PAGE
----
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Letter From MLK to Mrs. William Lescase

Tuesday, November 22, 1966

Dr.King thanks Mrs. William Lescaze for her contribution to the SCLC.

Resolution from the Richmond Baptist Association Ministers Conference

Monday, April 8, 1968

This resolution, adopted by the Richmond Baptist Association Ministers Conference, condemns the brutal assassination of Dr. King.

Telegram from Dora McDonald to Miss Enid Baird

Dora McDonald sends word via telegram to Enid C. Baird informing her of an unforeseen emergency that prevents her attendance at the Urban League Convention.

Letter from Ruth Frank Rosenwald to MLK

Ruth Frank Rosenwald writes urging Dr. King to commend Robert Kennedy for his advocacy of peaceful alternatives to war and to invite him to issue a joint call for a meeting of civil rights and peace leaders and President Johnson for dialogue on U.S policy in Vietnam, Santo Domingo and West Germany.

Letter from Mrs. J. T. Brent to MLK

Monday, May 6, 1963

Mrs. Brent states her support for Dr. King's cause, and asks him to encourage his people not to hate whites. She writes that "hate will destroy you."

Peace and Freedom Party Registration Drive

This document discusses the Peace and Freedom Party Registration Drive and the California Committee for the Peace and Freedom Party. The registration drive aims to place the Peace and Freedom Party on the 1968 California ballot with the purpose of opposing the Democratic and Republican presidential candidates. Also included is a partial list of the Peace and Freedom Party's endorsers, which includes 1962 Nobel Peace Prize recipient Linus Pauling.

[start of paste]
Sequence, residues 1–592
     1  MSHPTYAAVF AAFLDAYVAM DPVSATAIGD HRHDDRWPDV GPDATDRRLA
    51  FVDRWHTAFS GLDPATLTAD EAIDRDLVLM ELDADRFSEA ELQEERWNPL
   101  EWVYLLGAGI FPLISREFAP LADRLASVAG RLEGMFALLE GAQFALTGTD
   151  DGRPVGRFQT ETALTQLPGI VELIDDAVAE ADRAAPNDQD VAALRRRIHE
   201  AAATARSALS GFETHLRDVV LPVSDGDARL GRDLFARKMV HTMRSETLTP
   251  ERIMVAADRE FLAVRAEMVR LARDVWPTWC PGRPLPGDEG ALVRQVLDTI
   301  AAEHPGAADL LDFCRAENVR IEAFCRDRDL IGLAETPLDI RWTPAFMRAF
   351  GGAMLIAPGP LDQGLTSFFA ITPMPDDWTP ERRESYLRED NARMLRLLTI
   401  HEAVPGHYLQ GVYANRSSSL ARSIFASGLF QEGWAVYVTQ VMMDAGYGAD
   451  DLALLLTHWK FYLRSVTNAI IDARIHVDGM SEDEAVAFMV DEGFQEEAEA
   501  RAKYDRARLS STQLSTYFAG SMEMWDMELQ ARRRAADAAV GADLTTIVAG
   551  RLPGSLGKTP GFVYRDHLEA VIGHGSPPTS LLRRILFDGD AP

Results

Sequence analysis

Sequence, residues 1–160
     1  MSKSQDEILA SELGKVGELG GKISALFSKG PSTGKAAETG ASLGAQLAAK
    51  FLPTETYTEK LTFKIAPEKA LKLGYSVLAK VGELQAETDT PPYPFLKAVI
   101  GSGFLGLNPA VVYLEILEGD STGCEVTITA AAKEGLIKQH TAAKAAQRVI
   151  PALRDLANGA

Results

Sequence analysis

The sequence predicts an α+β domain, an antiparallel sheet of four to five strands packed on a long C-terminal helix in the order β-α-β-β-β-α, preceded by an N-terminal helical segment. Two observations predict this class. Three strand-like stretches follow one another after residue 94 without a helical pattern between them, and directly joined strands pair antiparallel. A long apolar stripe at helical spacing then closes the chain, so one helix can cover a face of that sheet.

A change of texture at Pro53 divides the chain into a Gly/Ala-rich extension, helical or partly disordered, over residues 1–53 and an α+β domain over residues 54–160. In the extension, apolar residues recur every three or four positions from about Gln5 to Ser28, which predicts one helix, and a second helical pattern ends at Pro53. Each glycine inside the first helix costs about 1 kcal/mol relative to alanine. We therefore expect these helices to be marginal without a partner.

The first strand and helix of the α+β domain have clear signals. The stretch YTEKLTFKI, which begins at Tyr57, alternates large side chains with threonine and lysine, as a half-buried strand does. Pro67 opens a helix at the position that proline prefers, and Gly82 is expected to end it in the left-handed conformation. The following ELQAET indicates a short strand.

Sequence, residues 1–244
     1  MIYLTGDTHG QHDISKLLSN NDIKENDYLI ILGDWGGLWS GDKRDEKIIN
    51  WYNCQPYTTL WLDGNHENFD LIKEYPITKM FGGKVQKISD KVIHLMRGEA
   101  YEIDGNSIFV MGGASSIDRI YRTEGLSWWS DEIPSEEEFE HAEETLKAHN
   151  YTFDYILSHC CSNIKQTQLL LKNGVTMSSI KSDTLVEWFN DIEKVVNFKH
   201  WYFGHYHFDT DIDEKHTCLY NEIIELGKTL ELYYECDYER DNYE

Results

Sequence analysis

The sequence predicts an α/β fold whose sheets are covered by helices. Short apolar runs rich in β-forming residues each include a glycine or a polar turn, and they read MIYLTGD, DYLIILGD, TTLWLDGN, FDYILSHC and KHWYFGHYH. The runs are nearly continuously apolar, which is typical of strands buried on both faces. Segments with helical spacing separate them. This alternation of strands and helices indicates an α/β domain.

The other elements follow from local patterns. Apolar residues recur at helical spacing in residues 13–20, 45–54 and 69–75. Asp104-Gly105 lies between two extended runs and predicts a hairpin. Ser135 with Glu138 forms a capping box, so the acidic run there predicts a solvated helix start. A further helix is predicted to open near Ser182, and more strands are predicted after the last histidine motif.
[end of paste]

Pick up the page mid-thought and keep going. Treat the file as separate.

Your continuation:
Sixth Grade Wisconsin Achievement Test Responses

This is a collection of responses from sixth graders of average ability in a Wisconsin school. Although the instructions are not provided, it seems evident that the students were tasked to paraphrase the passage or, simply tell what the passage meant to them.

Letter from Hugh Scott to MLK

Wednesday, April 28, 1965

Hugh Scott, U. S. Senator from Pennsylvania, assures Dr. King that he intends to support voting rights legislation and especially the proposal to eliminate the poll taxes instituted as a form of discrimination.

Letter from William Mahoney to MLK

Tuesday, January 30, 1968

William Mahoney asks Dr. King for his input on a SCLC monthly publication in which he is attempting to create. The publication would seek to educate the public on social, economic, and political problems African Americans endure.

Letter from Student Supporter Richard Hathaway to MLK

Sunday, April 24, 1966

Richard Hathaway, a student at Haverford College, requests a copy of a speech Dr. King delivered at the United Nations Plaza. Hathaway was a participant in the march and rally at which Dr. King spoke, but was unable to hear the speech because of the crowd.